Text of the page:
MusicNOW to Become a Bigger Festival in 2018

Bryce Dessner's annual new music festival is planning an "exciting expansion."

click to enlarge Bryce Dessner
Bryce Dessner

Last Friday afternoon, when the Cincinnati Symphony Orchestra announced the 2017-18 schedule marking its return to Music Hall after a 16-month renovation, the MusicNOW festival was notably missing.

This is the “new music” festival — encompassing Contemporary Classical, artistic and experimental Rock and Pop, Jazz and other eclectic musical forms — that The National’s Bryce Dessner started here in 2006. It became part of CSO’s annual subscription season 2014. The 2017 edition was just held this month and received strong praise from The New York Times for its performance of Andrew Norman’s 40-minute 2013 composition Play.

In an email response to CityBeat’s question about its fate, CSO spokesperson Meghan Berneking said, “MusicNOW is planning an exciting expansion of its overall concept with plans to present a wide array of programming in multiple venues over a three- to four-day period. The CSO is proud of its ongoing association with MusicNOW and is looking forward to sharing plans for its participation in 2018.”

In a follow-up phone call, Berneking confirmed that MusicNow would not be part of CSO’s 2017-18 subscription season.

That leaves open the question of what exactly MusicNow will become. Arts presenters have been abuzz that Ashley Capps — whose Knoxville, Tenn.-based AC Entertainment produces a larger, multi-venue cutting-edge urban festival called Big Ears that has MusicNOW-like aspects — wants to enlarge MusicNow into something similar. Several have reported that his representatives have been touring venues here.

Capps played a role in presenting Bob Weir at Aronoff Center for the Arts during this year’s MusicNOW. He and Dessner have collaborated in the past at Big Ears. (Capps also produces the Bonnaroo and Forecastle outdoor Rock festivals.)

Over the weekend, Capps responded to my questions by email: “For the past few months, I’ve been working primarily in a consulting role, working with Bryce — and with others — to imagine what it (MusicNOW) might become and how that could become a reality.”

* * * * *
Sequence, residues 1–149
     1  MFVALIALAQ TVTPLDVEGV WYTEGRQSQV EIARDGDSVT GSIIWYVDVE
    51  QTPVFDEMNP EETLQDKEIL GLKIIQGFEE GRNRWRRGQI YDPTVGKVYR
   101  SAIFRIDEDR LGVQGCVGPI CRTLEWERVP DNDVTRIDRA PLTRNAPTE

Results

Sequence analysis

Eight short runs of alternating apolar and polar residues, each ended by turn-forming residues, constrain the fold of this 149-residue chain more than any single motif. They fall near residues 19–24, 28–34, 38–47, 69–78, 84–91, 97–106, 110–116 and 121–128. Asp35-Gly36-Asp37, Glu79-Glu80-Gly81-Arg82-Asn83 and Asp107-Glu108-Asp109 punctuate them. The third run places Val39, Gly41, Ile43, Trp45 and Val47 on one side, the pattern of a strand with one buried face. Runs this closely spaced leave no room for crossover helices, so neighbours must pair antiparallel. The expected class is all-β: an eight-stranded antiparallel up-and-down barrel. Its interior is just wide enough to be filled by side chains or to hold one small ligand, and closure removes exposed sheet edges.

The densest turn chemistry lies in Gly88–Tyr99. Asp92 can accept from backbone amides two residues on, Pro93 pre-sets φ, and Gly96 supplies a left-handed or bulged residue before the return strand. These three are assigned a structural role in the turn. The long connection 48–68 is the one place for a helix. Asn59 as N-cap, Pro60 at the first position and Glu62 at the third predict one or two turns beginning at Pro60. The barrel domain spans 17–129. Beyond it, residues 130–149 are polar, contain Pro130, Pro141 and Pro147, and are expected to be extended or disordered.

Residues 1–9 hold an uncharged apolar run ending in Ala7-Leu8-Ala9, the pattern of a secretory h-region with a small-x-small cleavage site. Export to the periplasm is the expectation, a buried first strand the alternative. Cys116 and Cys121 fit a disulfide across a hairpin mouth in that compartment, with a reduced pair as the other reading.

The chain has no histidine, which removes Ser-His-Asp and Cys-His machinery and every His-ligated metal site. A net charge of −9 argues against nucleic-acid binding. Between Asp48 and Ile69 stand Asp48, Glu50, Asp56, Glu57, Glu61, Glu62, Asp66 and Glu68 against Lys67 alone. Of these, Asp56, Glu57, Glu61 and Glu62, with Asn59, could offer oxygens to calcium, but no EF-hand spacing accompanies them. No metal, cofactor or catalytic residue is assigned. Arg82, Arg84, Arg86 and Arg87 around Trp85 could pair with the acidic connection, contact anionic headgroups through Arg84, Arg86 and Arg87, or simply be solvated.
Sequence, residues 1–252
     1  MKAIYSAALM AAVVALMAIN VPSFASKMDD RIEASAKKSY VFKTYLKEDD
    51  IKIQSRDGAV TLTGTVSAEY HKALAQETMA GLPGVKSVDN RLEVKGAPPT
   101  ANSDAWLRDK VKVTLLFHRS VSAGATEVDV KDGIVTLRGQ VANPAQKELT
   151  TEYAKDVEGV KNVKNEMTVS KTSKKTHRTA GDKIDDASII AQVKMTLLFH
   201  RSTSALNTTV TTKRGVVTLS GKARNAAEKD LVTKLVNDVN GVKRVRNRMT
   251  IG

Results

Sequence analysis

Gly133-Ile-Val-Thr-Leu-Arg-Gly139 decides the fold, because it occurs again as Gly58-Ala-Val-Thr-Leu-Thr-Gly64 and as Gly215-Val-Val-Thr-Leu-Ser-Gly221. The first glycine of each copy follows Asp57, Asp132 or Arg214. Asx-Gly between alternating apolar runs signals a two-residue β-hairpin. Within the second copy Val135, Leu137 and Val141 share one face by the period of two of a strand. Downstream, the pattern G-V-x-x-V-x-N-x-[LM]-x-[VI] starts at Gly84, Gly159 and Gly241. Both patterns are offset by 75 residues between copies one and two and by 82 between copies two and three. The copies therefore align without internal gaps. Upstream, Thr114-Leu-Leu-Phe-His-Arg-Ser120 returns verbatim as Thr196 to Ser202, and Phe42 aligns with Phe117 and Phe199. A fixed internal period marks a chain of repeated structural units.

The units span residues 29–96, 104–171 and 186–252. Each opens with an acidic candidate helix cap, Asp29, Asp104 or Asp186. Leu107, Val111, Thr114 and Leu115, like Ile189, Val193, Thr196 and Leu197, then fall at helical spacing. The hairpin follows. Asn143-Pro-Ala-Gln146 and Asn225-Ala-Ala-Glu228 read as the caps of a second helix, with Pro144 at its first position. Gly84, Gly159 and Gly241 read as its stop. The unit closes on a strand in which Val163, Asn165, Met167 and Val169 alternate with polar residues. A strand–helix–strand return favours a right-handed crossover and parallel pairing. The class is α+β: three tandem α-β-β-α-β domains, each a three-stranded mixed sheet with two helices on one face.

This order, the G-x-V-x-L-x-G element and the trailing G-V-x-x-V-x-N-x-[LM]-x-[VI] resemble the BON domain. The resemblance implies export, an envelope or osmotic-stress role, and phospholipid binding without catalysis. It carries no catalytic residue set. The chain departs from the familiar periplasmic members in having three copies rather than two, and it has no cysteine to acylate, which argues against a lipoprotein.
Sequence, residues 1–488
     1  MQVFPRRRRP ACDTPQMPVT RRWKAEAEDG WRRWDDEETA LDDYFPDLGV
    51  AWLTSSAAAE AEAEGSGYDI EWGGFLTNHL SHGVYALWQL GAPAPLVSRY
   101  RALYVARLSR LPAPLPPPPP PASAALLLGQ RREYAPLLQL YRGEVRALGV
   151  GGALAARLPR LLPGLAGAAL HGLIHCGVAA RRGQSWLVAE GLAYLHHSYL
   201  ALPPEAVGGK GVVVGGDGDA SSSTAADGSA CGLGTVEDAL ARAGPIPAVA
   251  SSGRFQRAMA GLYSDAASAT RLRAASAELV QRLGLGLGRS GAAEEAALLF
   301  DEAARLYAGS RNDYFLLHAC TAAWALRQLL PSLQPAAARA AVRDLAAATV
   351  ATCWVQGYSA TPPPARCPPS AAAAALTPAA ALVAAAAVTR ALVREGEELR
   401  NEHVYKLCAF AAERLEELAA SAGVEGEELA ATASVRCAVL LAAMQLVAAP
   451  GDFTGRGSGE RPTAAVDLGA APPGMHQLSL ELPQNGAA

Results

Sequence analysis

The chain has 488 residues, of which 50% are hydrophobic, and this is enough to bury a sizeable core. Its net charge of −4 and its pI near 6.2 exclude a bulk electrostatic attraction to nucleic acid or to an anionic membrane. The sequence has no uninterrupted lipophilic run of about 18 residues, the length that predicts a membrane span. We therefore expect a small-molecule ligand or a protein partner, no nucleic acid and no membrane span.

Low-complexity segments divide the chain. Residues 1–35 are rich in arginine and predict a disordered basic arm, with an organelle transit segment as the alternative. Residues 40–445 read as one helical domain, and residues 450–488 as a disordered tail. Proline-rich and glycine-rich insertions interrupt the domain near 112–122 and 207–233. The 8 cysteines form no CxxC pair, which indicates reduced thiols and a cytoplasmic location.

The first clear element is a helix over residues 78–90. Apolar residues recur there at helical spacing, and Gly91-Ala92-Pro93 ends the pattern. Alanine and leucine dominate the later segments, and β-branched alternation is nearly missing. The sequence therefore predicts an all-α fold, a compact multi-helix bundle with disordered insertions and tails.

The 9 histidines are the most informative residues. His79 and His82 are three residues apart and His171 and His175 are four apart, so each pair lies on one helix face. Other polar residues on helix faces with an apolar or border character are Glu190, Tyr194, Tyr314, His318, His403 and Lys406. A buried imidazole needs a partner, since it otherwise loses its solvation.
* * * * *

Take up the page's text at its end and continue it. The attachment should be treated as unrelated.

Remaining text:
When asked about Big Ears’ impact on MusicNOW, Capps wrote that “Big Ears has been inspired by MusicNOW, but it’s a very different event with its own character. The goal is for MusicNOW to be its own experience and to stand apart from other festivals.”

In my profile of Dessner in the Jan. 11 issue of CityBeat, he said, “Ashley Capps and I have collaborated on many things together, but (MusicNOW is) not going to be under the auspices of his company. He’s been working with me to think about where I could go.”

In that interview, Dessner emphatically stated the CSO will continue to be involved. Via email, Capps agreed: “The CSO has become a great partner for MusicNOW, and their role is key to its unique character. It’s a very strong and important relationship for Bryce and we want to build on that.”

For the CSO’s announced 2017-18 season, Cincinnati Opera, Cincinnati Ballet and the May Festival Chorus will all have special program weekends with the CSO. The schedule includes five world premieres — two by women, including a composition for the May Festival.

The guest artist lineup is impressive, with exciting new artists along with veteran performers. The only disappointment is that no women will be taking the podium as guest conductors. For more information about the CSO, visit

About The Author

Anne Arenstein

Anne Arenstein is a frequent contributor to CityBeat, focusing on the performing arts. She has written for the Enquirer, the Cincinnati Symphony, Santa Fe Opera and Cincinnati Opera, and conducted interviews for WVXU's Around Cincinnati. In 2009, Anne was named an NEA Fellow in Classical Music and Opera Journalism...
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